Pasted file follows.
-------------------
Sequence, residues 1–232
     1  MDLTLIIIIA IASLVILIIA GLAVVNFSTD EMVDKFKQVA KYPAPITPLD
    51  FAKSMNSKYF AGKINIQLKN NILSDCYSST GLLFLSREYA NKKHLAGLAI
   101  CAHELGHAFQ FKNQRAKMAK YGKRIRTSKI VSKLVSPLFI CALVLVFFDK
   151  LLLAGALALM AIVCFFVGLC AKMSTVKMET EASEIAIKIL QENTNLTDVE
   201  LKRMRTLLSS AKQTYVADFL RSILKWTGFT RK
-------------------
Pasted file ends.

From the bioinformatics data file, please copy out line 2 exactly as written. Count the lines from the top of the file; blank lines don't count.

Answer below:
     1  MDLTLIIIIA IASLVILIIA GLAVVNFSTD EMVDKFKQVA KYPAPITPLD